One thing about staying in one place for so long is that suddenly you have routines. Twice a week at first, then less as the weather reached furnace point, I would go jogging through the gorge, on quiet roads that run alongside the river. Nobody goes jogging in Yerevan. People always stared. One day I discovered an outdoor gym right by the roadside. Big men would perch there on the exercise machines and gossip with bellies that billowed out over little shorts, then pump iron, drink vodka on car bonnets and drive home.
24th April is an important day for Armenians around the world. This is the day to remember theArmenian Genocide during the Ottoman Empire, from 1915 to 1923. Although the genocide is considered to have lasted several years, the 24th April was the date in 1915 when Armenian intellectuals in Istanbul were rounded up and deported. In the Republic of Armenia, 24th April is a public holiday, when almost the entire population flocks to the Tsitsernakaberd Genocide Memorialto lay flowers at the eternal flame. Hrach, Dagna, Simon and I joined hundreds of thousands of mourners on that sunny April day.
Hundreds of thousands flock to the Genocide Memorial to pay their respects
Sometime after the Presidential Elections, the Municipal Elections came around. After the flagrant abuse of process at elections, a conglomerate of NGOs formed and began recruiting volunteers to take part in the greatest independent electoral observation effort in Armenian history. The volunteers were recruited by a system of trust: friends of friends of friends of the NGO workers who began the initiative. It was a only a few days before the training that I received the email. I would never imagine myself observing elections in the UK, but in Yerevan, things felt different. I found myself at a polling station early one morning, surrounded by political hyenas. I focused my video camera on them and pressed record. Unlike others, I didn’t observe any truly outrageous abuses, but I did see plenty of problems, and there were undoubtedly dodgy things going on around the corner outside the polling station.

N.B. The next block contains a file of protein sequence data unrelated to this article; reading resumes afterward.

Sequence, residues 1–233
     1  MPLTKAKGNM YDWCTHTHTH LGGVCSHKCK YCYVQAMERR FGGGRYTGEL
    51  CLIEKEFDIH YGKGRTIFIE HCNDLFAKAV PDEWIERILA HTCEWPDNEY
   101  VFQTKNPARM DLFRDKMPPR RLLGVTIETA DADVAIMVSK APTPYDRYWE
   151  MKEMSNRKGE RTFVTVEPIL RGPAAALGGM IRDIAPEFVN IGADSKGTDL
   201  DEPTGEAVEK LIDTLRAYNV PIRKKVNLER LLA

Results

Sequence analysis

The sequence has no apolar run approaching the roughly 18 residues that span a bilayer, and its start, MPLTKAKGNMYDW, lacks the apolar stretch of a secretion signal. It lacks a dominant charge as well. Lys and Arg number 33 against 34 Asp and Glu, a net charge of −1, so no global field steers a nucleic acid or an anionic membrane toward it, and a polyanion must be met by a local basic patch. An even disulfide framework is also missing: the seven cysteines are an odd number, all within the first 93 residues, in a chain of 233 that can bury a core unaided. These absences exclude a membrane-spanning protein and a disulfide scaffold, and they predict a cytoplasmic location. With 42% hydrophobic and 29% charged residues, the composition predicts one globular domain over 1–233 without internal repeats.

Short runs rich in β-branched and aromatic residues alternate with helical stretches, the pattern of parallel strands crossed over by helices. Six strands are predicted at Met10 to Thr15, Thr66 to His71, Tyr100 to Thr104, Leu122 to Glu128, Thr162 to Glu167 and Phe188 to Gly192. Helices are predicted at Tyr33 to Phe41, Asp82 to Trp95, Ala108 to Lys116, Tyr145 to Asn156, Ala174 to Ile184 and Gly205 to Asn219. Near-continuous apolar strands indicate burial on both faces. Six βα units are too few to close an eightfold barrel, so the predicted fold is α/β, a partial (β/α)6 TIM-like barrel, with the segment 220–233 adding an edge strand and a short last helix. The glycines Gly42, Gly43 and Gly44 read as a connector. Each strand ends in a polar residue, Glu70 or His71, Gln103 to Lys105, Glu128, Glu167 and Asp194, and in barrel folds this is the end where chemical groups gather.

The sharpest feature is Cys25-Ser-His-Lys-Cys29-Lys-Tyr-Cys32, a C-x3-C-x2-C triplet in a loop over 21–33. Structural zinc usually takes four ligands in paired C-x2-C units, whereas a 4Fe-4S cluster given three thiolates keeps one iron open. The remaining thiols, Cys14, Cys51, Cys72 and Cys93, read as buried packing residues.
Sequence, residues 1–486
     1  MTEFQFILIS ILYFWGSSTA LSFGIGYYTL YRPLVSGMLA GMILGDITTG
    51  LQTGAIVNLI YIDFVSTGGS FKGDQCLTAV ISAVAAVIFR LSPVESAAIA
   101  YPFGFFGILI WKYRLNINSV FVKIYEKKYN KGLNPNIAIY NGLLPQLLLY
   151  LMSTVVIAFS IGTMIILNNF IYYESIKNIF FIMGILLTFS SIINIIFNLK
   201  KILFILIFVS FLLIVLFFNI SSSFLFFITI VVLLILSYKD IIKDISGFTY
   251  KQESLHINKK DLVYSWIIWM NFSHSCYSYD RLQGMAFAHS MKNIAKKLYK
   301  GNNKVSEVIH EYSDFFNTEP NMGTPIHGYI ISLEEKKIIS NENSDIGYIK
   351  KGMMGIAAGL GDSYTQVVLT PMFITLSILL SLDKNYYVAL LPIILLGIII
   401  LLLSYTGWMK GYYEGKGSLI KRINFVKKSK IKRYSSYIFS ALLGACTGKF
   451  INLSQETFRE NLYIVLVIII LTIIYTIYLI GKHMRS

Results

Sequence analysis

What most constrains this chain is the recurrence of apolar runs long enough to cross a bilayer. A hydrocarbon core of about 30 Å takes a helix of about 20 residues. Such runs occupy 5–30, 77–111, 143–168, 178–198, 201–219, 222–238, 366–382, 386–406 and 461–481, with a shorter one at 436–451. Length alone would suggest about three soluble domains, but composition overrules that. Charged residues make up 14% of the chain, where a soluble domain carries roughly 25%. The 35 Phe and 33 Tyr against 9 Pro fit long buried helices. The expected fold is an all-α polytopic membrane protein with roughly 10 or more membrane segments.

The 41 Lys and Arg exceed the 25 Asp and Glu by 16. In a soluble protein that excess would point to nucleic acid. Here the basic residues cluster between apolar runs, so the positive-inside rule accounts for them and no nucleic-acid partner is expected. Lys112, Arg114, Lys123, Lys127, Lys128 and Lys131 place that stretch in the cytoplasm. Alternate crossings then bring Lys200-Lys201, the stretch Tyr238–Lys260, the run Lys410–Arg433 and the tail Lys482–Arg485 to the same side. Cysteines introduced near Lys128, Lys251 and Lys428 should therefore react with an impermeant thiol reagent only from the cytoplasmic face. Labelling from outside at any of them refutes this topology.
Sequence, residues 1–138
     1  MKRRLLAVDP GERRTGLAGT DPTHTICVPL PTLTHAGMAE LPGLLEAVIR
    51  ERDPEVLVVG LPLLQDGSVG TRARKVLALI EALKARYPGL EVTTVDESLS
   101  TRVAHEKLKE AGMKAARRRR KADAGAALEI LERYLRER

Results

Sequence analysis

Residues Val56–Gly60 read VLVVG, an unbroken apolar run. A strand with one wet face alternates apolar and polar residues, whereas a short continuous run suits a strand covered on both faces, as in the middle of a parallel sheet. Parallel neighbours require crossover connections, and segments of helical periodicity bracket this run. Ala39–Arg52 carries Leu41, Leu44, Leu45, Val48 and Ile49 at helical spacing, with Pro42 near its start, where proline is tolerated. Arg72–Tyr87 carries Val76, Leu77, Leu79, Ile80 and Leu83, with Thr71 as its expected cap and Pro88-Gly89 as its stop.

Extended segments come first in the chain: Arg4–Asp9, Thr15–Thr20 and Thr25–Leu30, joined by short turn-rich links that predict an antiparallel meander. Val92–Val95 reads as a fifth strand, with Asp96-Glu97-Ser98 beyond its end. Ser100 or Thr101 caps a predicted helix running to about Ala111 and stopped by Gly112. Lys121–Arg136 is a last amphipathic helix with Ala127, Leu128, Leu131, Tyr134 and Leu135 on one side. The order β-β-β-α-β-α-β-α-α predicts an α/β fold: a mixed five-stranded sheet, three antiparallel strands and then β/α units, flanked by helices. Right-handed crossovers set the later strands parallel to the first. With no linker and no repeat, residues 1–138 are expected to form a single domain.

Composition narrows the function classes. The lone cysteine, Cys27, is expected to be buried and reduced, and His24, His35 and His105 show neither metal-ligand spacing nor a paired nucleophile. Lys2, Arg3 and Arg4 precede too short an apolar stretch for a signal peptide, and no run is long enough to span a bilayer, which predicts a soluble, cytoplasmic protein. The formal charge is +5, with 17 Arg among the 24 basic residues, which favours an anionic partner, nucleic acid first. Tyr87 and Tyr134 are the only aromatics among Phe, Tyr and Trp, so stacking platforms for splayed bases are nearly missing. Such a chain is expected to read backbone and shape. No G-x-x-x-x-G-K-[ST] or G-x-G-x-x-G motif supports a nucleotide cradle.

Ballot counting: a tense moment in the election process
I discovered a tiny Soviet library with a surprisingly strong wifi connection not far from our house. It quickly became my favourite place for writing, on an old-fashioned wooden school desk, amidst dusty old books that nobody ever came to read. The only other visitors were two or three elderly men, who read newspapers at the desks, then doddered off back to who-knows-where.
Sveta would always wave at me on my way home from jogging or the library, my arms laden with groceries and the village eggs I buy from Sonja’s market stall. Sveta would also come by the house to collect our bottles, which we would save for her. I heard she has a house in a village somewhere, but it’s a long way to travel without much opportunity for bottle collecting, so mostly she sleeps under the flyover. There’s no water in her village either and I doubt she gets much opportunity to wash. Although unsurprisingly a bit mad, Sveta always seemed cheerful to me. A true survivor.
Awesome archaic public transport
One day the Armenian Government suddenly decided to increase the public transport fare on the metro, buses and marshrutkas (shared minibuses) from 100 dram (around 15p / 25c) to 200 dram. Protests erupted once again in Freedom Square, this time taking up the cry “Haroor (100) dram! Haroor dram!” Small gangs of protesters rode buses and minibuses all day long, making speeches to encourage people not to pay more. Volunteers arrived regularly at bus stops in independent cars with “free car” written on the side, to help people boycott the transport system. The government caved in. The people were victorious. The fare will remain 100 dram.. for now.
At night Hrach and I could often be found in either Calumet or Music Factory, our two favourite bars. Calumet is all prayer flags, throws and a big Om sign on the wall. Music Factory is a rock bar, open later than most other bars. People would usually flock into Music Factory late at night, after Calumet and the other popular bars had closed. The ‘stiletto count’ would usually be very low in these venues. In most other bars, as in the streets and cafes in general, most women wear a ton of make-up with sculpted hairdos and nine inch heels.
Hrach scoffing candy floss, moments before he realising he hated it